Great Expectations Fear

Words: 343
Pages: 2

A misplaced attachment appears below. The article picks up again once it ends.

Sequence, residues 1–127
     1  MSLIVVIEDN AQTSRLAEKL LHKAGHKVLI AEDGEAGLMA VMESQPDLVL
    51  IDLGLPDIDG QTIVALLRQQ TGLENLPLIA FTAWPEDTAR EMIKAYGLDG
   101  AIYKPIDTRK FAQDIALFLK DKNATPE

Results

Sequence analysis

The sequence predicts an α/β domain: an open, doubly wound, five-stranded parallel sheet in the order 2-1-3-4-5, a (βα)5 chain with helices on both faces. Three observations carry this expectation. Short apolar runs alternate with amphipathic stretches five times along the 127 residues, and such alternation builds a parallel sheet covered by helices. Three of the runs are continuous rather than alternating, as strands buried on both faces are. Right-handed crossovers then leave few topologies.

Throughout Great Expectations, one quickly realizes the painful nature of knowledge. Constantly, the characters are harmed, endangered, or frightened by facts that they or others could or have learned. This is particularly true for Pip. Most notably, one sees this with Pip after he learns the true identity of his sponsor he uses phrases such as “I seemed to be suffocating” and “sharpest and deepest pain” expressing that pain is produced by knowledge (Dickens 291, 295). One also sees this when he learns that he is less than Estella as he “was in a low-lived bad way” and when he learns about her fate even his speech is in pain as it “welled up within me, like blood from an inward wound” (Dickens 59, 334). Knowledge, however, represents the process